In 2003 something moentous happened. Many people thought that at last a solution was within reach. The Annan Plan in all its variants was being batted around and there was optimism that at last realism would prevail. The momentous event was, however, not the Annan Plan, but the opening of the Border/Green Line/Attilla Line/Ceasefire Line or whatever you want to call the defacto, now open, crossing between North and South. Suddenly the myths and propaganda circulating in some regions and some parts of the community could actually be physically checked out in person. Subjective views compared to reality. The notion that the Turkish Cypriots were more or less living in an open prison, terrorised and persecuted by an oppressive Turkish military regime was no longer siustainable. Very unpalatable for many in the south, particularly the Orthodox church which had played a large part in the propagation of such stories.

 

Displaced families were able to view their properties, or in some case not, namely those where complete villages had been bulldozed to make roads dams or water reservoirs. Mosques, churches and monasteries were demolished, derelict or desecrated. Heartbreaking scenes for all concerned.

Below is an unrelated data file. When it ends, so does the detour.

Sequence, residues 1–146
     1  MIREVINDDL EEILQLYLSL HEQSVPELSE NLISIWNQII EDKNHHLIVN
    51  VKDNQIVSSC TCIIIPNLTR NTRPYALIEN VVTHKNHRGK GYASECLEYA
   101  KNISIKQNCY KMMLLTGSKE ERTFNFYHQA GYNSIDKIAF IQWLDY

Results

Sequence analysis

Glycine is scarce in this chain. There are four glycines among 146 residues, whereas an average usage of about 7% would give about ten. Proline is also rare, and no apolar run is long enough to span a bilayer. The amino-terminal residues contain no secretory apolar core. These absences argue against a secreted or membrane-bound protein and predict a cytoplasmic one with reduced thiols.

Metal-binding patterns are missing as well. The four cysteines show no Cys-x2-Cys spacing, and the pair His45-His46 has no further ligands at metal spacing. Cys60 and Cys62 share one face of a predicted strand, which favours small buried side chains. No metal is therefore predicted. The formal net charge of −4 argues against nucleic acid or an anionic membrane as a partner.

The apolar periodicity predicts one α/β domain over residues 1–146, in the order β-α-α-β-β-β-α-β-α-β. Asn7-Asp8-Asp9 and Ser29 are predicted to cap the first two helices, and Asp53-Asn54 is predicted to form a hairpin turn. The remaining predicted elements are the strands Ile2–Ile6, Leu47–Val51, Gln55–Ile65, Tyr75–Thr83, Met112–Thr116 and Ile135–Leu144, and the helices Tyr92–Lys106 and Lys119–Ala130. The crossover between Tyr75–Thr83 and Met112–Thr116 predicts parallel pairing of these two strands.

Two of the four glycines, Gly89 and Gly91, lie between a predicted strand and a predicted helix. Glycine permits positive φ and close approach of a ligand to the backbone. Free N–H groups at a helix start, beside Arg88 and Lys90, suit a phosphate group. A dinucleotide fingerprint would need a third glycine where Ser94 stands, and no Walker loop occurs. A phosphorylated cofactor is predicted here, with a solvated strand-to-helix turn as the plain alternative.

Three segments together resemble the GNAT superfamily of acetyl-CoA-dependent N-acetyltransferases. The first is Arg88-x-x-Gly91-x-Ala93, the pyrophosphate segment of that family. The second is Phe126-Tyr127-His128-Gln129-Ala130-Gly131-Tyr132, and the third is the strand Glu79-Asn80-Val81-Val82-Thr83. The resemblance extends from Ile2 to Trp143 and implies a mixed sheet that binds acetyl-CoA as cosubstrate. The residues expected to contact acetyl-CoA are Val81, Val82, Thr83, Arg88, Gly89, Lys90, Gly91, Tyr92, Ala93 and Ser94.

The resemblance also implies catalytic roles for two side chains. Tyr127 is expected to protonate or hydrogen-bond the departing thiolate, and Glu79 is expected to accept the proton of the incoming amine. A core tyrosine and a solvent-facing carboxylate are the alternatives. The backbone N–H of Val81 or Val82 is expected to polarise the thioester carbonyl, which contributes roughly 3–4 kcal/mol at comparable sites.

And yet we still hear that peace talks are underway and progress is being make. I wonder whether it is a language problem that presents the barrier to progress. I don’t mean Greek /Turkish translation problems, but a complete and utter cultural difference between the two cultures giving the meaning of particular words different angles, like the truths I mentioned before. Depending on your standpoint they are more or less true. More relevant or less relevant. For example what is Peace to each side? As far as I can see it there is no difference to what both sides want. They want their rights. Here we hit the problem, rights for one side means the right to come back and carry on as a majority with no respect or compassion for a minority. The right to mistreat and deny basics, the right to usurp and corrupt and the right to destroy what doesn’t fit. For the other side, rights seems to be the right of recognition, the right to be seen as equals in a community, the right to existance and above all the the right to have their suffering recognised. I leave it to the reader to decide which side wants which rights and if there can be agreement when the truths appear to diverge so massively.

 

Thanks for being so patient and reading this far.